The researchers think that the preservation of touch explains why people with and without thick calluses walk with a similar gait when barefoot.

But people with both callused and un-callused feet change their gait while wearing cushioned shoes, altering the forces transmitted into their bones and joints. In shoes, all participants experienced less of an initial jolt, but more force in the long run — force that our bodies didn’t evolve to handle.

Why it matters

“At this time we’re not sure what the consequences of this are,” said Holowka. On a hard surface it’s more comfortable to walk in a cushioned shoe, he added, but the team doesn’t know whether a change in gait could damage a person’s body in the long run.

What they didn’t study was the transmission of pain in the foot. For ethical reasons, the research team didn’t want to cause pain or injury to their study participants, so they didn’t draw any conclusions on whether thick calluses dampened that kind of sensation.

Osteoarthritis is on the rise, and research suggests that while obesity has been blamed for the increase in joint inflammation, it may not be the sole cause. Shoes could be a part of the story. Flat-footedness, plantar fasciitis and back pain could all implicate modern shoes, too.

This makes sense, said François-Xavier Li, a sports scientist from the University of Birmingham in the United Kingdom who was not involved in the study.

In the human foot, Li said, “there are roughly 18 muscles, 26 bones and five nerves — it’s a really complex system.” The process of natural selection wouldn’t likely have preserved such a complex system, calluses and all, if it didn’t make a compelling contribution to our survival, he said. Our feet must be more important than we’ve given them credit for.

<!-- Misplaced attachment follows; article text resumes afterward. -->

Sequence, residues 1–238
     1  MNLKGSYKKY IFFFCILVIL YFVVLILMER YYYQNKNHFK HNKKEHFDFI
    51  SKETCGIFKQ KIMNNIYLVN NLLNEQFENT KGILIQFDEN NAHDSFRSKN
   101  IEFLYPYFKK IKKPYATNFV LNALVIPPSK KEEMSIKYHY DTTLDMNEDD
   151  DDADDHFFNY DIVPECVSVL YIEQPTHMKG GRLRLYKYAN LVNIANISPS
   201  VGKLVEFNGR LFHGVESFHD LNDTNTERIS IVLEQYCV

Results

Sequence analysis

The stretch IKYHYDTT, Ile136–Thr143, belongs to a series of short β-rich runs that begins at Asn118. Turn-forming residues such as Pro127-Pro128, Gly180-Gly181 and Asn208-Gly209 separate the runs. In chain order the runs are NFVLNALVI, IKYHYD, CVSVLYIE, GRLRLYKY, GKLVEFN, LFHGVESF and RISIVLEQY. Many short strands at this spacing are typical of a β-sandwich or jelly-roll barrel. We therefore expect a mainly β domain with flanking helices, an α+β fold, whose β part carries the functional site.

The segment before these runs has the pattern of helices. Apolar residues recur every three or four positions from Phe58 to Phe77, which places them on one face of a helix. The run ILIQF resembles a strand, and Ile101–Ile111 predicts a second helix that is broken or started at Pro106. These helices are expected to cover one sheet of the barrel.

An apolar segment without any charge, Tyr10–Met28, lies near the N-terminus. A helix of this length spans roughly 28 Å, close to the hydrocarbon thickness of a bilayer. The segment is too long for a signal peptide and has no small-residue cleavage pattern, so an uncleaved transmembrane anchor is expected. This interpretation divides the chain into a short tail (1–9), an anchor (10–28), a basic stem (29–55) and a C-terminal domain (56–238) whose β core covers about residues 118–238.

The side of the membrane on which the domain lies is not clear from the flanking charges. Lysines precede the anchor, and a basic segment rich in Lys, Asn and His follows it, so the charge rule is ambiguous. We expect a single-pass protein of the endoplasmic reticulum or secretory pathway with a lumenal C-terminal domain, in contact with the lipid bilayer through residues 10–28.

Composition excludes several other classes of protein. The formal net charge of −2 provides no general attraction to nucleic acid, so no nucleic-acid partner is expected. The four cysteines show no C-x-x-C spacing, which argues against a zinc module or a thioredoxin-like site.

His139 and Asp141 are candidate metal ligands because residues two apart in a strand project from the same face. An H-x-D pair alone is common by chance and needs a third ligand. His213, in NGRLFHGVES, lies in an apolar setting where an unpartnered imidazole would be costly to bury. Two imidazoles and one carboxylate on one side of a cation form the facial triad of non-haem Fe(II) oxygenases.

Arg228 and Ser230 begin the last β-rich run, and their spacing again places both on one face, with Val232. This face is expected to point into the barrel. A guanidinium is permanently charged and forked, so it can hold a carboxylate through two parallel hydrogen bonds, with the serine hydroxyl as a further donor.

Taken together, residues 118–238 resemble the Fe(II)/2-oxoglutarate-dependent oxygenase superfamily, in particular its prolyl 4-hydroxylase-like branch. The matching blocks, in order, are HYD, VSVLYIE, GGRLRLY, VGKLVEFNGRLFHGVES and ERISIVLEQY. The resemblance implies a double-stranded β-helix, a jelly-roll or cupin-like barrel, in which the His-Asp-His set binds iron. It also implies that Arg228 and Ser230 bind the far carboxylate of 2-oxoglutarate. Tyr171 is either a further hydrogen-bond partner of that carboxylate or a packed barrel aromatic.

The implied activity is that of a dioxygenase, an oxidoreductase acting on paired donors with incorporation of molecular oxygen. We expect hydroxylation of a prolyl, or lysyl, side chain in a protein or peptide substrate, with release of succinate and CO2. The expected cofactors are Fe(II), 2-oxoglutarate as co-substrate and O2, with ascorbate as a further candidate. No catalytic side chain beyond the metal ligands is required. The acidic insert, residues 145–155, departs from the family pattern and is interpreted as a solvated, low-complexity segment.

Both Li and Holowka warn, though, that this study doesn’t mean everyone should stop wearing shoes.

“When barefoot running became popular, people jumped two feet in, no pun intended, and then they got injured. Being barefoot is not a panacea for everything,” Li said. Shoes protect skin from infections and abrasions, and cushion foot bones that are unused to the stress of sustained barefoot walking and running.

Instead, Li thinks the new study’s final recommendations are sound: more research on thin-soled shoes like sandals or moccasins for athletes, people with nerve damage and aging people who could use a boost to their balance.

“There are quite a lot of papers showing that essentially when you wear shoes, you’re less careful and you land more heavily,” Li said. “If the shoes were really absorbing all of that impact, we should be happy to jump on our heads with shoes on our heads… and we’re not.”